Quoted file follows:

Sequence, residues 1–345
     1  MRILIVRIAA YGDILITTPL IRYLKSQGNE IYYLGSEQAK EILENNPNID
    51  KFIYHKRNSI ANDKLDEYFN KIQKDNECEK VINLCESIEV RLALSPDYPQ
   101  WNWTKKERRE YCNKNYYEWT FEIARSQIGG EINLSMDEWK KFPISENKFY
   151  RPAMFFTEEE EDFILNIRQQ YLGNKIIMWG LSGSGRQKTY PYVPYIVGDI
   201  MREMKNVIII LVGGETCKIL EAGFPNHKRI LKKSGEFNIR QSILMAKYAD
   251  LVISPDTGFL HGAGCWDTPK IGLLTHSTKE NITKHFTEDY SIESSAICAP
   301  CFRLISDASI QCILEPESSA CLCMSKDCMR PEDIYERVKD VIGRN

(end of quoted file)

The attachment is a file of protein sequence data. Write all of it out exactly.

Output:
Sequence, residues 1–345
     1  MRILIVRIAA YGDILITTPL IRYLKSQGNE IYYLGSEQAK EILENNPNID
    51  KFIYHKRNSI ANDKLDEYFN KIQKDNECEK VINLCESIEV RLALSPDYPQ
   101  WNWTKKERRE YCNKNYYEWT FEIARSQIGG EINLSMDEWK KFPISENKFY
   151  RPAMFFTEEE EDFILNIRQQ YLGNKIIMWG LSGSGRQKTY PYVPYIVGDI
   201  MREMKNVIII LVGGETCKIL EAGFPNHKRI LKKSGEFNIR QSILMAKYAD
   251  LVISPDTGFL HGAGCWDTPK IGLLTHSTKE NITKHFTEDY SIESSAICAP
   301  CFRLISDASI QCILEPESSA CLCMSKDCMR PEDIYERVKD VIGRN